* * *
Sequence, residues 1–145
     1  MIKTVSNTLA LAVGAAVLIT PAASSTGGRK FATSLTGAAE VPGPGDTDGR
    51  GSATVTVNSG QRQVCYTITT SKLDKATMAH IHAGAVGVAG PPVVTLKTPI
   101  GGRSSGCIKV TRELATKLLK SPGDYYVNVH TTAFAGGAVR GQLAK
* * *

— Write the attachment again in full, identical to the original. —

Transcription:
Sequence, residues 1–145
     1  MIKTVSNTLA LAVGAAVLIT PAASSTGGRK FATSLTGAAE VPGPGDTDGR
    51  GSATVTVNSG QRQVCYTITT SKLDKATMAH IHAGAVGVAG PPVVTLKTPI
   101  GGRSSGCIKV TRELATKLLK SPGDYYVNVH TTAFAGGAVR GQLAK